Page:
Game Development Reference
In-Depth Information
libraries are efficient about componentizing themselves so that
only the classes that you need active for your application are
included; the TweenLite/TweenMax animation platform by Jack
Doyle is a great example of this architecture. In general, however,
be mindful of how much code ends up in your final SWF
it does
As of this writing, Apple has a 20-MB limit on the size of the application
that can be downloaded to an iOS device over a carrier
This means applications and games larger than 20 MB must be down-
loaded either through iTunes or over a Wi-Fi connection. While this prob-
ably isn
re right at or just
over this threshold with your app, cleaning up unused code means you
t a deal breaker for most of the people, if you
get that much more exposure from customers who can download it from
Keep Your Display List Shallow
While this doesn
t come up too often in game development,
another way to increase performance of the renderer is to keep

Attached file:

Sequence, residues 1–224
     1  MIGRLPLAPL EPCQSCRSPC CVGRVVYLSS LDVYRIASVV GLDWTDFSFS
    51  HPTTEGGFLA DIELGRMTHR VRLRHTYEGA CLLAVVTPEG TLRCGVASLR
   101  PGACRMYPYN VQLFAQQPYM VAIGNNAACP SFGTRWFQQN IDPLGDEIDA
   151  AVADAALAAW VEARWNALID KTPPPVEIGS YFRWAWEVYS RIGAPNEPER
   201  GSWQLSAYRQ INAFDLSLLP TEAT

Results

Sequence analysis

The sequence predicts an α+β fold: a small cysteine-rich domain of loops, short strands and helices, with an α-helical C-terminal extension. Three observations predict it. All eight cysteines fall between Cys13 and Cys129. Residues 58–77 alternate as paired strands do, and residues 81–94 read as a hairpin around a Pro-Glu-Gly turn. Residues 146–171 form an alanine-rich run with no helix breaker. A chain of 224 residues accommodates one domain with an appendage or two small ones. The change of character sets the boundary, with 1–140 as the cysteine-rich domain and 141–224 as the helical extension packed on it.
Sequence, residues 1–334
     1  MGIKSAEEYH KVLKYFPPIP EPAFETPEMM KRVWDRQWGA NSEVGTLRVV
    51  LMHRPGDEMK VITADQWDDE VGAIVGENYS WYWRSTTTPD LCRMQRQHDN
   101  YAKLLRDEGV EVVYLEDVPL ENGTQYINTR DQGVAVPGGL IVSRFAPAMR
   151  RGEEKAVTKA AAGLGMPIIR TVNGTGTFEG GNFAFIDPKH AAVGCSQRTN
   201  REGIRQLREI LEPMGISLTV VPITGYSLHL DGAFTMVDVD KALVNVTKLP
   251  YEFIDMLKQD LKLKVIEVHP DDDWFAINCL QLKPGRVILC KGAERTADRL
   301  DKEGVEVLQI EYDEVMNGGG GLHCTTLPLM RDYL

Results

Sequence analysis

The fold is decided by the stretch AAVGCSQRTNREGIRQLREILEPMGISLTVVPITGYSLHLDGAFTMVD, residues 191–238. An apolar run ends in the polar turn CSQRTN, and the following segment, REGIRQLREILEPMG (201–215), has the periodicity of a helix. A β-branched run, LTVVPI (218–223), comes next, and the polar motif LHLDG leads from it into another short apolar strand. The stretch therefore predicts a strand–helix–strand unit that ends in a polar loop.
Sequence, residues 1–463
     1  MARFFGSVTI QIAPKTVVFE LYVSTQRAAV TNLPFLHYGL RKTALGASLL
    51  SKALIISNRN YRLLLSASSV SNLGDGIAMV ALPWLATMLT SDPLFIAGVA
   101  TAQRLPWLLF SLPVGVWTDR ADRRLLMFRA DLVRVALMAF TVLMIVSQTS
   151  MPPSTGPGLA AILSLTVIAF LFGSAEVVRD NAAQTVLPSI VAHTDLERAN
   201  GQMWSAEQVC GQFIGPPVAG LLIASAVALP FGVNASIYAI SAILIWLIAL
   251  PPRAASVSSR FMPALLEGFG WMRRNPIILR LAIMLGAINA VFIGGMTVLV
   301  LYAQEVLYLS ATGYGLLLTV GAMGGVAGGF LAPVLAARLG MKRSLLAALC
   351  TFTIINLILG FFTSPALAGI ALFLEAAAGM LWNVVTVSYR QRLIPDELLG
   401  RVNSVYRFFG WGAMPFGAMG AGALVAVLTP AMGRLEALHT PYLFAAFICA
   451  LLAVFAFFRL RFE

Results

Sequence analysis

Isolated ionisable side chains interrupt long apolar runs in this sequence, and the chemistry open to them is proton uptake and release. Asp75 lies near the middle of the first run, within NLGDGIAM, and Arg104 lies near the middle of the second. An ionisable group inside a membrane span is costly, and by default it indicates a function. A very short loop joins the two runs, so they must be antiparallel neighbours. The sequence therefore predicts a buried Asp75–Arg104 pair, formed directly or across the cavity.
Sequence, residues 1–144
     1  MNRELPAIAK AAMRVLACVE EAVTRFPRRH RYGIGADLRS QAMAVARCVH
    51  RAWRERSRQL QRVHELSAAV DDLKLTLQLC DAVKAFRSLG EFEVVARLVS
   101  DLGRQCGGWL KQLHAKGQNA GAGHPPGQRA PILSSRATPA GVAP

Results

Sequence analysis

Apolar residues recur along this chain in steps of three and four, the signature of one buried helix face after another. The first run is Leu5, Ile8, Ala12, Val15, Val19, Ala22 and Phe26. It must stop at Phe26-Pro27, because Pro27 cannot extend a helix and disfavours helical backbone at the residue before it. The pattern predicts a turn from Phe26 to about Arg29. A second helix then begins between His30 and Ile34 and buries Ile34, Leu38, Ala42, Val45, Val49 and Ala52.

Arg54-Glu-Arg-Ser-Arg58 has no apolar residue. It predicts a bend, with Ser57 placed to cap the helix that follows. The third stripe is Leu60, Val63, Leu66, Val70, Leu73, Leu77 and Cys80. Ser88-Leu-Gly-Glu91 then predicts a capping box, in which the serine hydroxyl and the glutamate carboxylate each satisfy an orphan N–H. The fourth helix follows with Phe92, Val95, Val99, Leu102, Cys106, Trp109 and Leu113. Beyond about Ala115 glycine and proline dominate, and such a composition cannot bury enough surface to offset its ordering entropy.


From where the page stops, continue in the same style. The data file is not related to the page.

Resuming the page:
your display list from branching too deeply. Depending on the type
of game you are creating, this might have extensive implications or
none at all. Just keep in mind that every layer deeper you go into
the display list increases rendering and processing time.
Don ' t Use Events Where You Can Easily Use
Function calls require less memory than using the event model hier-
archy, especially when using bubble or capture events that must tra-
verse the display list. This is not to suggest that the event model
should be thrown out altogether
events are still required for listen-
ing for input and for any number of other common ActionScript tasks
such as ENTER_FRAME loops, and individual events used wisely help
maintain flexibility for re-purposing code. However, there are some
cases in which a method would work just as well and will decrease
overhead. This is particularly helpful for events that would otherwise
get dispatched over and over again in a game loop. Perhaps the
enemy Sprites in a game broadcast information about themselves
repeatedly throughout gameplay. Rather than dispatching an event
every time, a method could be passed to each enemy Sprite to call on
their recipients. Consider the following two examples:
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